Dzongkha paper made the difference

Yangchen C Rinzin

Aggregate marks of Dzongkha II and I are taken to compute the pass percentage of students finishing Class X and deciding toppers of the Bhutan Certificate of Secondary Examination (BCSE).

Bhutan Council for School Examinations and Assessment (BCSEA) on January 18 declared Namita Giri of Lungtenzampa Middle Secondary School (MSS) as the national topper with 93 percent.

However, the result was questioned on social media after Changangkha MSS shared the school’s 10 top performers of Class X 2019 result on social media on January 24. The school’s top performer, Kanchan Kumari scored 93.4 percent.

Many questioned the BCSEA in social media accusing them of making mistakes. The school also wrote to the BCSEA seeking clarification. The school is still waiting for the response from the BCSEA.

BCSEA officials told Kuensel that while Kanchan Kumari scored 93.4 percent, the score was including Hindi, the second subject she took and an Indian national.

The official explained that when they calculate marks, they take the average score of Dzongkha I and II for Bhutanese students while for non-Bhutanese students, the full mark they scored for the subject is taken.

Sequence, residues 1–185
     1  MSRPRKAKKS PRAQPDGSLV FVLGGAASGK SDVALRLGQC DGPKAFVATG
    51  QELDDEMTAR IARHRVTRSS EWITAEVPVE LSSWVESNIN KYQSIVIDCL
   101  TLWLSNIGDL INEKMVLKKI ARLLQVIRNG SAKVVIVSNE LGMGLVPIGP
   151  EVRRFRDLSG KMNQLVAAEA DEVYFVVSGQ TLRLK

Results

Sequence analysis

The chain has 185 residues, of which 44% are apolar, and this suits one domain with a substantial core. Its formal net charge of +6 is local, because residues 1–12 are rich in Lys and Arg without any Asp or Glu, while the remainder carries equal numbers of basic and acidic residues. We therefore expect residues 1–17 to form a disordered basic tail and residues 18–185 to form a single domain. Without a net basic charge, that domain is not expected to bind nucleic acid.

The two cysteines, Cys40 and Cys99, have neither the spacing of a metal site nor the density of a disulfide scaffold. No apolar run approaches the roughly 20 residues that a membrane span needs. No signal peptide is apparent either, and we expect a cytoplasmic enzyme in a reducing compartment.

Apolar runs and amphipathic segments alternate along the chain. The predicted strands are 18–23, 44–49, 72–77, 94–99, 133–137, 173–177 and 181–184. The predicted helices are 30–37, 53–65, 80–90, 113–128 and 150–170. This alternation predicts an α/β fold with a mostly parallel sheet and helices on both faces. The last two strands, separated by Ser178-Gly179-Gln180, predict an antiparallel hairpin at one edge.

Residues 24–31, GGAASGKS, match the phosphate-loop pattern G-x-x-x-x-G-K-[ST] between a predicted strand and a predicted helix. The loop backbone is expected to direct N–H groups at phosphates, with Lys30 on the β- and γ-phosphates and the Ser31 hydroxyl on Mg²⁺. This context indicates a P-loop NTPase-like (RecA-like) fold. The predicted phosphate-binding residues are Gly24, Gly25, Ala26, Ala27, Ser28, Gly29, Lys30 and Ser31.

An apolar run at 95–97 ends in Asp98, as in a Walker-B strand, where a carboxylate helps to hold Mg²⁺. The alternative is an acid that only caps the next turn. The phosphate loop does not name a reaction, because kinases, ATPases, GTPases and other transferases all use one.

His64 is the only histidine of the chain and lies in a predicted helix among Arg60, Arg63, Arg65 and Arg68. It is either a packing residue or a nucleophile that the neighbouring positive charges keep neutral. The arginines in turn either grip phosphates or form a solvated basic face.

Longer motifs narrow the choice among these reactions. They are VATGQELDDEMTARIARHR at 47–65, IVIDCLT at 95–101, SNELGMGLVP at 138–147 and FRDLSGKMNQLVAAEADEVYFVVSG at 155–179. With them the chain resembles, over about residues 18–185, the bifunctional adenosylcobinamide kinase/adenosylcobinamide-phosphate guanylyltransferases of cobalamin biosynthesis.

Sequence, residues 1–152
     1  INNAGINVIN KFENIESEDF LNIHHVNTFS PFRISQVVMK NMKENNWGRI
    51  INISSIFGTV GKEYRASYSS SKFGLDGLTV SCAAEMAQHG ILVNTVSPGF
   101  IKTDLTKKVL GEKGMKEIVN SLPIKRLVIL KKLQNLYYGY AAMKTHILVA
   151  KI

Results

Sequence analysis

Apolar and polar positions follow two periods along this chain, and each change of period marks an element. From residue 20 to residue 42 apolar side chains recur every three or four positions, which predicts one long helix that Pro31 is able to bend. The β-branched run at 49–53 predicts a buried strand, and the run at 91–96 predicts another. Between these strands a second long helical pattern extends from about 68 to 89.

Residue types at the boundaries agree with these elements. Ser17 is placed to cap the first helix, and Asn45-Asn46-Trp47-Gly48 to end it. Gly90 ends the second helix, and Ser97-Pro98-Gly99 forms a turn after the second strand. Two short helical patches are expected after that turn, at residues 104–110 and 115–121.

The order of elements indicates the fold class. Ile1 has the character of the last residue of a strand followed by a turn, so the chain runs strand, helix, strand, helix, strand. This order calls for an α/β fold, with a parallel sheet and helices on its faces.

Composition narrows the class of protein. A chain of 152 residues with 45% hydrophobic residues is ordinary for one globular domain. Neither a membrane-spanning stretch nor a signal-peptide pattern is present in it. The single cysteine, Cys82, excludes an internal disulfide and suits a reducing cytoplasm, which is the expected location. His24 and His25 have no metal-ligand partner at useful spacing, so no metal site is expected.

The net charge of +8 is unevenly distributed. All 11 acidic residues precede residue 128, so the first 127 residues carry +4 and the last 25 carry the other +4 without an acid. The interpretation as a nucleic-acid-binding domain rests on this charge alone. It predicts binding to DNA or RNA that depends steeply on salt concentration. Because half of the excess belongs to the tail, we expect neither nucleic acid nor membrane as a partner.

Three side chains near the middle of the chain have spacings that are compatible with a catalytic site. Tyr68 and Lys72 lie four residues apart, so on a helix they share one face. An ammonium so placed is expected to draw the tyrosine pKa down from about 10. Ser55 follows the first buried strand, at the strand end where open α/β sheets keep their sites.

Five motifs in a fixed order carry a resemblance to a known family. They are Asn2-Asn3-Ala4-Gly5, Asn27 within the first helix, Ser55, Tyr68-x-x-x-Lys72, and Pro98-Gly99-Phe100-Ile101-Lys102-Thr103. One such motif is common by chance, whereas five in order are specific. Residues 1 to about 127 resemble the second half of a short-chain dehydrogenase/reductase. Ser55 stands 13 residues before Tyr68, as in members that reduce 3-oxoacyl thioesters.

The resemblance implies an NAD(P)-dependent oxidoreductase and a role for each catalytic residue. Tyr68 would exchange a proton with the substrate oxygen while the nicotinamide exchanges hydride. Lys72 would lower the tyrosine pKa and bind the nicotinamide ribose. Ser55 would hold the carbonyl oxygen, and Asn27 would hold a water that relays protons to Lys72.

For instance, if a Bhutanese student scores 60 in Dzongkha I and 65 in Dzongkha II, the average mark is considered as a final score. If a non-Bhutanese student scores 95 in Hindi or Bengali, it is the final score.

Kanchan Kumari scored 467 with English and four other best subjects including Hindi, which comes to 93.4 percent, however, if Hindi is excluded, it comes to 92.4 percent.

Namita Giri scored 465 with English and best four subjects excluding Dzongkha scoring 93 percent.

“Having discussed the issue, it was decided to declare Bhutanese student as the topper because it’s only fair, as Bhutanese students have to compulsorily pass the second subject, Dzongkha.”

An official said that central marking of an answering script of each subject is preceded by standardisation of the model answers and marking scheme. “One teacher can correct only about 3-5 marks worth of questions. So, it’s very fair.”

However, for the non-Bhutanese students, BCSEA gets foreign second language question papers developed by individual setters recommended by the Council of Indian School Certificate Examinations.

For foreign students, the same person who sets the question paper evaluates the paper.

“So, the declaration was decided based on a fair manner.”